Big brands signed for more than half of new wind contracts in 2015

Major brands and other emerging non-utility customers signed 52 percent of the wind power capacity contracted through power purchase agreements (PPA) in 2015
Big brands signed for more than half of new wind contracts in 2015

Customers driving the new demand for wind energy include Fortune 500 companies, high-tech companies, universities and major US cities. According to the American Wind Energy Association (AWEA), non-traditional customers represented the majority of electricity generating capacity through wind PPAs in a given year for the first time. The AWEA’s 2015 U.S. Wind Industry Annual Market Report is set for release on April 12th in Denver, Colorado.

“Every time Americans use the Internet or do laundry, it’s more likely that wind energy made it possible” said Tom Kiernan, CEO of AWEA. “Innovation has driven down the price, resulting in phenomenal growth in demand for wind energy from corporate buyers, in large part because it saves them money. Signing a long-term wind contract provides these buyers with a package of benefits—low-cost, fixed-price, clean energy—that’s easy to say "yes" to.”

With wind generated energy two-thirds less expensive than it was in 2009, wind power has become one of the lowest cost sources of energy in particular regions of the US, according to a report by Lawrence Berkeley National Laboratory. That means wind energy has become increasingly attractive to organisations intending to reduce their emissions and interested in securing low-cost, fixed-price energy that protects them from fuel price fluctuations.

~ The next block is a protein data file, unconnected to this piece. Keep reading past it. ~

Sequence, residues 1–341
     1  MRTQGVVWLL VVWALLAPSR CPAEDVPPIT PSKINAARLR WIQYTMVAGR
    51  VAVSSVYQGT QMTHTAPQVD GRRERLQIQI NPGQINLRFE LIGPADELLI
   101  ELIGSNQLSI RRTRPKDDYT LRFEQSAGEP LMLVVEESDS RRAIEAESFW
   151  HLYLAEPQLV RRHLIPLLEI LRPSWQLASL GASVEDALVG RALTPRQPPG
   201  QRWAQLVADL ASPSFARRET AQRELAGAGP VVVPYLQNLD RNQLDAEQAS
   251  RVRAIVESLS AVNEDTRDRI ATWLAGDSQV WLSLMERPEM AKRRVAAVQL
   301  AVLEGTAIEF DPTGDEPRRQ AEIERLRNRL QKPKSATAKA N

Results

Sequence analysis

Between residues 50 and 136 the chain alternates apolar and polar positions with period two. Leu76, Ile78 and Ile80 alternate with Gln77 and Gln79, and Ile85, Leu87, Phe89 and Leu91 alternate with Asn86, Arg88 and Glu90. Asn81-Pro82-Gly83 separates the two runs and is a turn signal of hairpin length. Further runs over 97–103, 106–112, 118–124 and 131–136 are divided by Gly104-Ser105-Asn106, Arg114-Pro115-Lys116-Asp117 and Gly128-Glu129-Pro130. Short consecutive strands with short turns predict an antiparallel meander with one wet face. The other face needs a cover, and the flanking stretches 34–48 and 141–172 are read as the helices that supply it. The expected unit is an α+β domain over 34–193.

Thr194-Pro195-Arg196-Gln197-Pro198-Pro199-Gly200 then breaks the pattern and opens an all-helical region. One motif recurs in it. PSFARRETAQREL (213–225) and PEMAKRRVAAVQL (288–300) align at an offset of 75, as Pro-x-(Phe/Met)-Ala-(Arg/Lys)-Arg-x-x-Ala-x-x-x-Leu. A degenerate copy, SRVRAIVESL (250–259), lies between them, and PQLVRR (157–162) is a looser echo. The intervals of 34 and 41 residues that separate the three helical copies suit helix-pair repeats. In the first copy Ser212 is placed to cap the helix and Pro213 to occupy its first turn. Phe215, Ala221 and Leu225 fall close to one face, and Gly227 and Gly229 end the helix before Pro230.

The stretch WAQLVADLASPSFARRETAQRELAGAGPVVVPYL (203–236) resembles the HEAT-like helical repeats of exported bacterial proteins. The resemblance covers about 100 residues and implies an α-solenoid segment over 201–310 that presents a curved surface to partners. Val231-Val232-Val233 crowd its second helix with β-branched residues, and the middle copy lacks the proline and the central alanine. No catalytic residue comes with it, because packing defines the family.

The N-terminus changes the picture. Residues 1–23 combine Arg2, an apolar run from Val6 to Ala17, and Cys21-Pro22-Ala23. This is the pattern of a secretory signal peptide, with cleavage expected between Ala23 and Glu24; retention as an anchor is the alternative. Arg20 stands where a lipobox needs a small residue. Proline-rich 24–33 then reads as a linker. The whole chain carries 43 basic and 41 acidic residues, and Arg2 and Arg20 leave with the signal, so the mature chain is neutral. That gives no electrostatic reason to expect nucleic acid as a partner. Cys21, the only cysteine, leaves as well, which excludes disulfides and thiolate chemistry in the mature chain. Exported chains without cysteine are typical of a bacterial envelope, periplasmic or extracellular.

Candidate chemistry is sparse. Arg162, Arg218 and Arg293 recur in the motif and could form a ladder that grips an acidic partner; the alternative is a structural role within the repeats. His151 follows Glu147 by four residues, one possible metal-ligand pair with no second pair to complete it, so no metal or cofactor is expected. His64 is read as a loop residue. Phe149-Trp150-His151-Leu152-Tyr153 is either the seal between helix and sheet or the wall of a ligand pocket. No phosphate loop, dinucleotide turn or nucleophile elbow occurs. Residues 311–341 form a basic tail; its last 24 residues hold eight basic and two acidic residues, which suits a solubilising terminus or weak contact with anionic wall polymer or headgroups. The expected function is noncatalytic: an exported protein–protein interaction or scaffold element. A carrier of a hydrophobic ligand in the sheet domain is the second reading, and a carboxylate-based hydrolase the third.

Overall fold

Demand from corporate buyers and other emerging wind energy customers is growing exponentially. Utilities traditionally buy the largest amount of wind energy overall, but rising demand from Fortune 500 companies and others represents an additional, expanded market.

Corporate buyers who signed PPAs in 2015 include large operations such as Walmart and Dow Chemical as well as high-tech firms such as Google Energy, Amazon Web Services and Salesforce. They join a growing list of cities, including Washington D.C., and academic institutions such as Cornell University and Oklahoma State University.  

For additional information:

American Wind Energy Association (AWEA)

Lawrence Berkeley National Laboratory

Tags: Wind , Electricity , Fuel
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